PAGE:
Words: Peter Milligan
Art: Sally Cantarino
Colors: Dearbhla Kelly
Letters: AndWorld Designs
Human Remains is the kind of comic that hurts to read. It’s a good kind of hurt, mind you, but it hurts nonetheless.
To me, Human Remains is the opposite of the usual Peter Milligan comic. It’s not that it doesn’t have his trademark dialog or that the plotting isn’t excellent – it’s there and it is, respectively – but rather that the emotions are so forcefully muted. That’s the crux of this story, though; a world in which emotional outbursts can kill you is one in which everything is forced to bubble under the surface.
If you haven’t already been reading this excellent book, it’s hard to say that #5 is a good point at which you can jump on. The story’s already moving at pace, the characters established and the premise beyond the point of explanation. With that said, it only takes a moment to dig into the muted horror of the world. Milligan has always been excellent at creating an atmosphere, but the kind of dread at work here legitimately hits you even if you don’t fully get what is going on. [Editor’s Note: While I agree with the jumping on point aspect, I also think this story is great and you’ll probably want to read this one. Maybe hunt down the back issues? – Chris]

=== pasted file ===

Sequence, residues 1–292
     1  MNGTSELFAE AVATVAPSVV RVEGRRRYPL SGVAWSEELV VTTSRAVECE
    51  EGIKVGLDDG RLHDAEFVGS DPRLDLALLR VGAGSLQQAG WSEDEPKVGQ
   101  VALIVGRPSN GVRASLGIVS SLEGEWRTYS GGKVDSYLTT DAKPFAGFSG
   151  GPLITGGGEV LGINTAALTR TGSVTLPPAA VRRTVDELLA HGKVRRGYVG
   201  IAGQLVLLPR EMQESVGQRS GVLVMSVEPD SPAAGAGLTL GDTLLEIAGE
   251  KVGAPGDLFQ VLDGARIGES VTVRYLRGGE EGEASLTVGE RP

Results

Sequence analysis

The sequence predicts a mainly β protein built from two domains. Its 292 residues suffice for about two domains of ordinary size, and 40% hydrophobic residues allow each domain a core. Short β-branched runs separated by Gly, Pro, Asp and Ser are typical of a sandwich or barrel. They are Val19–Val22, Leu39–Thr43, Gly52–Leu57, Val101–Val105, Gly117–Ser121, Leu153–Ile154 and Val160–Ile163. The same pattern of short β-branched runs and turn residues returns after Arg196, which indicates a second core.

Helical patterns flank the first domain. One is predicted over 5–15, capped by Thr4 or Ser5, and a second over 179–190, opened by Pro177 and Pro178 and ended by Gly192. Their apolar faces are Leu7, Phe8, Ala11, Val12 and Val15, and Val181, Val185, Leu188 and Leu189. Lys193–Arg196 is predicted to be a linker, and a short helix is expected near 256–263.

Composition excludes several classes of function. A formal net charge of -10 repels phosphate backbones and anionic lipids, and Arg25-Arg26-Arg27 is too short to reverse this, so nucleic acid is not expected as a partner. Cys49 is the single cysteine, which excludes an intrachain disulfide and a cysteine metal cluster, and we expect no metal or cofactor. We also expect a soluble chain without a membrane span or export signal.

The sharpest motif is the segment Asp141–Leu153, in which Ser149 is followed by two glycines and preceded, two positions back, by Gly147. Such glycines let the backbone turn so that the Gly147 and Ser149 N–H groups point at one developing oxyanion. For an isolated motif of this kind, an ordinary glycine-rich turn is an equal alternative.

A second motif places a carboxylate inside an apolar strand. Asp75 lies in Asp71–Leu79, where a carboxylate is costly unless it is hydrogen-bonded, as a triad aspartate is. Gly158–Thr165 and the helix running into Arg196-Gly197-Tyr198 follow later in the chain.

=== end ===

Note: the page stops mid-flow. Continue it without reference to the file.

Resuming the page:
Ably working with Milligan here are Sally Cantirino on pencils and Dearbhla Kelly on colors. Cantirino’s art actually plays a huge role in the story, stylized to the point where the gore isn’t gut-wrenching but still (purposefully) ugly in a way that sells the world. Likewise, Kelly’s use of color, which can swing from washed-out to otherworldly across a few panels – helps to make everything in the book feel just unsettling enough to work.
If you’re looking for a horror comic that depends more on slow dread than on splashy scares, give this one a try. It actually has both, but it’s the former source of fear that really helps this comic stand out.